Rana Sengupta

Ashoka Fellow
India,
Fellow Since 2009

Citation

This profile was prepared when Rana Sengupta was elected to the Ashoka Fellowship in 2009.
The New Idea
Rana’s idea is very specific to stone-quarrying, which is categorized as a minor mineral and not governed by the government’s Mines and Minerals Act. Hence, it is open to quarrying by private contractors and individuals. The sector is neglected by the government on the one hand and exploited by private parties on the other. Rana’s work involves organizing informal workers into labor unions and then enabling miners’ collectives to bid for their own contracts; ownership allows them to negotiate competitive prices, share profits, and adhere to the prevailing wage rates. More than 10,000 informal stone quarry workers are now members of labor unions and 900 workers are members of cooperatives.

Moreover, with the resulting reorganization of the supply chain, the miners’ cooperatives are also taking on the supply and export of stones and connecting directly to global markets. This is creating what Rana terms an “ethical means of trading in stones,” that is, ushering in a climate of fair wages, fair trade, and the elimination of child labour and exploitation of informal women workers.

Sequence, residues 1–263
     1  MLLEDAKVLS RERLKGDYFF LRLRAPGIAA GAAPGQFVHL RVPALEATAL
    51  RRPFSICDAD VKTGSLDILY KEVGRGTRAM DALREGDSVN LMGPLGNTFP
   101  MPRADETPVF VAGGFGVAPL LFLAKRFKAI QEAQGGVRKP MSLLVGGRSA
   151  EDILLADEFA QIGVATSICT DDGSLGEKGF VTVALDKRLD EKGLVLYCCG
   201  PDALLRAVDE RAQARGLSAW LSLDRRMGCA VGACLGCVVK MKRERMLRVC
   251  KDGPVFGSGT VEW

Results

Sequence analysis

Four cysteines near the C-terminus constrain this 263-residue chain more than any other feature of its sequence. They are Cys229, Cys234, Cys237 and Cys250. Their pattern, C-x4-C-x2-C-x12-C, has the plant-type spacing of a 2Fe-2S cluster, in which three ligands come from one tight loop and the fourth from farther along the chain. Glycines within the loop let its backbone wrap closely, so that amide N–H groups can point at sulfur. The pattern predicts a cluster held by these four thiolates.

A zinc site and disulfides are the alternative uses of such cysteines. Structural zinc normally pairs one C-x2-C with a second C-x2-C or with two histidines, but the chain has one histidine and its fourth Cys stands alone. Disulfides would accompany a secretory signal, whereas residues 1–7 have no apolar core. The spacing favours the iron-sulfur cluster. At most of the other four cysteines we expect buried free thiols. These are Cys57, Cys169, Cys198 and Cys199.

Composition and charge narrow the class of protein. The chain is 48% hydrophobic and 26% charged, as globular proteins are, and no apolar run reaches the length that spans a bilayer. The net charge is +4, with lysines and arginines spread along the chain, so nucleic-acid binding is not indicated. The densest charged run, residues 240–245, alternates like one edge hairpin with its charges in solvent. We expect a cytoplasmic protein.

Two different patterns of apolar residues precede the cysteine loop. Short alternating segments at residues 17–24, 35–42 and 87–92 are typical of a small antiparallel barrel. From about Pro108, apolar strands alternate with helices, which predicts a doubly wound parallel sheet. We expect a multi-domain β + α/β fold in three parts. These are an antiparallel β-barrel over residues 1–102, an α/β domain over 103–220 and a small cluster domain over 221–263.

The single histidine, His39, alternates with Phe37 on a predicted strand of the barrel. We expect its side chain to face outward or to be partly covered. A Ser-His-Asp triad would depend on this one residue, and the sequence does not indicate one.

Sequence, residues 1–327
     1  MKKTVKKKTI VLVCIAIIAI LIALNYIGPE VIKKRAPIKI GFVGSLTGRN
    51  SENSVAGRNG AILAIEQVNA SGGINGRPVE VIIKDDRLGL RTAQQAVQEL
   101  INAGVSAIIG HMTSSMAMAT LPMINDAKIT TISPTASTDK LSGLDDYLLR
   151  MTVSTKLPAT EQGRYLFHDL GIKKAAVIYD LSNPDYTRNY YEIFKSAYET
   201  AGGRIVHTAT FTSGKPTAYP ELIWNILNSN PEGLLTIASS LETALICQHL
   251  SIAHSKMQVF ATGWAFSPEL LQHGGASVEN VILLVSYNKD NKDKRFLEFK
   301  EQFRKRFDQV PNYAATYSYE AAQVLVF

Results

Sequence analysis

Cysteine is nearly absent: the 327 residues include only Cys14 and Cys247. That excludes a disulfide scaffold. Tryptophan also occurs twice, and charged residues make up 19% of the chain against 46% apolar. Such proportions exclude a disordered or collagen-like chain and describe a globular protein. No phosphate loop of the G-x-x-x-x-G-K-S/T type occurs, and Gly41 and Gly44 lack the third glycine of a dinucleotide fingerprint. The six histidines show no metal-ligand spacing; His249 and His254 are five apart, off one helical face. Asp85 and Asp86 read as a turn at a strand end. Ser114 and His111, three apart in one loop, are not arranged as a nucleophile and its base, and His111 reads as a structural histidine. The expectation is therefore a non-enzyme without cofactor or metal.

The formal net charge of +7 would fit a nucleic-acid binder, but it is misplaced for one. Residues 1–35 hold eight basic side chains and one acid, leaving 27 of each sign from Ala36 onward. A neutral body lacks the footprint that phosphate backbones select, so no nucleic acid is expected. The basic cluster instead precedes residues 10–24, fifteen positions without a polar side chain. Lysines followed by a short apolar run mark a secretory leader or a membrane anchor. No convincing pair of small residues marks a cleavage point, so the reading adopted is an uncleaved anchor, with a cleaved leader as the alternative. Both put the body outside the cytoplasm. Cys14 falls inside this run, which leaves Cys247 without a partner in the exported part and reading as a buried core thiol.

Apart from this, with ownership of mining contracts in the hands of local communities, concern for the environment is heightened and compliance with green standards is gradually becoming the norm; forcing private contractors to do the same. More importantly, with power in the hands of the communities, the issues of illegal mining leading to massive degradation of the environment are also being tackled.
The Problem
The Strategy
The Person

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